Nosocomial infections are the fourth leading cause of death in the U.S. with >2 million cases annually (or ~10% of American hospital patients). About 60% of these infections are associated with an implanted medical device causing >$4.5 billion medical costs in 1992 and ~80,000 deaths annually. It is estimated that over 5 million artificial or prosthetic parts are implanted per annum in the U.S. alone. Our goal, with NIH support, is to engineer biomaterials that will solicit a short- and long-term immune response to specific bacterial colonization. For short-term immediate defense, model biomaterials will release fusion protein complexes - artificial opsonins - designed to enhance the coupling of invading bacteria to monocyte/macrophage (MO);thus promoting phagocytosis. For long-term protection, the biomaterial will transfect antigen-presenting cells (specifically dendritic cells - DCs) to produce T- and B-cell memory and antibody expression, and potentially stimulate direct native killer T-cell responses.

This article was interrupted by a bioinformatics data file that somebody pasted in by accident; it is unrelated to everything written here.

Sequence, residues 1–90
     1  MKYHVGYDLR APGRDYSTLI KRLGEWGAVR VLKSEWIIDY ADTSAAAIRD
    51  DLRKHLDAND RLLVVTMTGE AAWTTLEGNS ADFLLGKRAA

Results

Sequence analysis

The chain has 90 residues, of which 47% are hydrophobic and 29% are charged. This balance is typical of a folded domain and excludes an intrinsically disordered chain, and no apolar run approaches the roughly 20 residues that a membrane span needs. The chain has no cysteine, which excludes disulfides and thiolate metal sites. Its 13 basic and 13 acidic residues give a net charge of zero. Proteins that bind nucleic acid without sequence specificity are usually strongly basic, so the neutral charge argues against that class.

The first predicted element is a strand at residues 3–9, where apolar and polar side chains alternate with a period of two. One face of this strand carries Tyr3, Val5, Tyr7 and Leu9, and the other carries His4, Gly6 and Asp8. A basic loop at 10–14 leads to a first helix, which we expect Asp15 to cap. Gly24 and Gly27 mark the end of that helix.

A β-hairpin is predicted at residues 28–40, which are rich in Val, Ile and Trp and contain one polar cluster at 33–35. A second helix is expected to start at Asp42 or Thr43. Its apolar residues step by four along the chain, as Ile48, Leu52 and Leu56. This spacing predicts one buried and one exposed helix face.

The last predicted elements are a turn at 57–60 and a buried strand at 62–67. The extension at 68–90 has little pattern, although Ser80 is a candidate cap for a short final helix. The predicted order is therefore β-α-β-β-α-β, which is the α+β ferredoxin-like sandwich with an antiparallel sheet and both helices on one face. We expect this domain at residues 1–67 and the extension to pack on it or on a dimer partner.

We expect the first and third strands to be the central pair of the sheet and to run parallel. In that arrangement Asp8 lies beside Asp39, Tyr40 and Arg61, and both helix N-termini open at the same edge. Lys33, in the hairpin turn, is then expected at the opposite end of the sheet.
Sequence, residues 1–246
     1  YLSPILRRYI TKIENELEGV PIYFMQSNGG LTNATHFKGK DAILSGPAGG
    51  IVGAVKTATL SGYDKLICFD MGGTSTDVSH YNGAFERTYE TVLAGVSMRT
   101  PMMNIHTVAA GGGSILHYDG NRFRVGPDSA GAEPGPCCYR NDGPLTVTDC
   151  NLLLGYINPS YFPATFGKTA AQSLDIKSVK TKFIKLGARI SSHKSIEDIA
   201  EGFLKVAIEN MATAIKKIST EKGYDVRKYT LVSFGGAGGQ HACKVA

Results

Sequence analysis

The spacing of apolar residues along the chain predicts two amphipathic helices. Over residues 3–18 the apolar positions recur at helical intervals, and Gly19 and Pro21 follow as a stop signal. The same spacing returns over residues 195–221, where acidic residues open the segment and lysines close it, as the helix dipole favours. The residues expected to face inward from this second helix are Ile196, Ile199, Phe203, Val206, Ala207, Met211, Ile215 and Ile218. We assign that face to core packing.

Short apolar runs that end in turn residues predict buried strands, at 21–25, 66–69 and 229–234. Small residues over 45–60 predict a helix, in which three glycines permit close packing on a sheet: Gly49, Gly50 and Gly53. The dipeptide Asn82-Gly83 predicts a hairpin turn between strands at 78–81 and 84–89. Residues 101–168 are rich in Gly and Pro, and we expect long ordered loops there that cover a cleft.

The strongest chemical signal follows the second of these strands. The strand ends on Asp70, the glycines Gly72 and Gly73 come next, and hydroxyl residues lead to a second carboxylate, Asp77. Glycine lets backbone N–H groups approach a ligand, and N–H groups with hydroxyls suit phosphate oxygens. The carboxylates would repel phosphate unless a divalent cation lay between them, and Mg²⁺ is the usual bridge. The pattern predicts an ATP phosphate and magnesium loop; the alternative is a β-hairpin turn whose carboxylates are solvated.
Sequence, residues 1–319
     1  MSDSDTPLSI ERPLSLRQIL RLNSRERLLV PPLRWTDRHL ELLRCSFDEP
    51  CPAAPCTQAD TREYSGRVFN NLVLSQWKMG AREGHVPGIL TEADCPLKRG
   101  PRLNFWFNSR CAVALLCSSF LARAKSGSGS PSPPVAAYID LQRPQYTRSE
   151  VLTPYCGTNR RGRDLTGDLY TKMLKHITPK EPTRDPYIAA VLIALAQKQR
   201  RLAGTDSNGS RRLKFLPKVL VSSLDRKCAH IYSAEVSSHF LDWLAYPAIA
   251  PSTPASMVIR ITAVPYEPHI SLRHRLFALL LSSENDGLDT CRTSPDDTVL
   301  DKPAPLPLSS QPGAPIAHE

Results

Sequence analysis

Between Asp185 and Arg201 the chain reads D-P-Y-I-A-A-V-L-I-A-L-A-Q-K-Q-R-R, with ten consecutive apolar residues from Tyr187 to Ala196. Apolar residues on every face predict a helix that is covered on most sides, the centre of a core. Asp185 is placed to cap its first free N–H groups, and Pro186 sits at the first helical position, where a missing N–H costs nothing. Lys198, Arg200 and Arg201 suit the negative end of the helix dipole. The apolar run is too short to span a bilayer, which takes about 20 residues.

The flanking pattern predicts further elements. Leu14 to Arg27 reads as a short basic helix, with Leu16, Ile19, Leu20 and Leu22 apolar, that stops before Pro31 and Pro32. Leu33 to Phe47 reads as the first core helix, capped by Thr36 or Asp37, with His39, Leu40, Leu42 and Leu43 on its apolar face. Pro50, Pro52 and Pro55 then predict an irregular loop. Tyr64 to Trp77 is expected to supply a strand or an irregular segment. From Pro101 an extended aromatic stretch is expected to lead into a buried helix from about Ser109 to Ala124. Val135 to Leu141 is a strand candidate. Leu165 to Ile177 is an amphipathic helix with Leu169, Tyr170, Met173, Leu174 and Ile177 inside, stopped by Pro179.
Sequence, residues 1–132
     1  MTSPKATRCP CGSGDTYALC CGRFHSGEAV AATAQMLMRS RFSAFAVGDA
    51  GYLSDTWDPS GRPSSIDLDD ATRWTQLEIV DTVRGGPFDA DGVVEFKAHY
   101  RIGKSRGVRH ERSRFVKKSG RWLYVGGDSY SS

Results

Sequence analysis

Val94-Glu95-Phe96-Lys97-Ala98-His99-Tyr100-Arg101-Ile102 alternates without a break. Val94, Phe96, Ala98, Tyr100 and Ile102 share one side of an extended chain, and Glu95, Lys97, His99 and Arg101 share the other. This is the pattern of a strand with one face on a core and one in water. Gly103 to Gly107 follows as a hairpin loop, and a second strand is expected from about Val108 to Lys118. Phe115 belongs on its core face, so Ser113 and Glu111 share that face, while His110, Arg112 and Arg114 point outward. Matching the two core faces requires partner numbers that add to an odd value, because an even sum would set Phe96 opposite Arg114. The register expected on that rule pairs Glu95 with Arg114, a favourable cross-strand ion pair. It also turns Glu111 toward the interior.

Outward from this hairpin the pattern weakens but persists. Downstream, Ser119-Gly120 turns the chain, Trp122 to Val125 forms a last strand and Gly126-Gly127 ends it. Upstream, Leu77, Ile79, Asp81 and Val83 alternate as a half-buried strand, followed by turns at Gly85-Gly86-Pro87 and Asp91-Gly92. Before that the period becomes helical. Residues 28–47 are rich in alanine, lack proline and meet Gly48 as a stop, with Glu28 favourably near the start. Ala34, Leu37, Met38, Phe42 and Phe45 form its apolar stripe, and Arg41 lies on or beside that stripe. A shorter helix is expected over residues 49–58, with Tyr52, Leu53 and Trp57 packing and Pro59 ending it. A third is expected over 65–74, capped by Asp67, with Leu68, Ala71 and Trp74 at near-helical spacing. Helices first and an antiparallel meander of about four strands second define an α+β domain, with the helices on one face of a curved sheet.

Public Health Relevance

It is estimated that over 5 million artificial or prosthetic devices are implanted per annum in the U.S. alone. However, 70% of hospital-acquired infections are associated with implants or indwelling medical devices, with the case-to-fatality ratio between 5-50%. In this 5-yr NIH RO1 research grant, we will develop a novel class of biomaterials that promote healing while preventing bacterial colonization and subsequent infections.

National Institute of Health (NIH)
National Institute of Allergy and Infectious Diseases (NIAID)
Research Project (R01)
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Biomaterials and Biointerfaces Study Section (BMBI)
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Gondre-Lewis, Timothy A
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University of Washington
Biomedical Engineering
Schools of Engineering
United States
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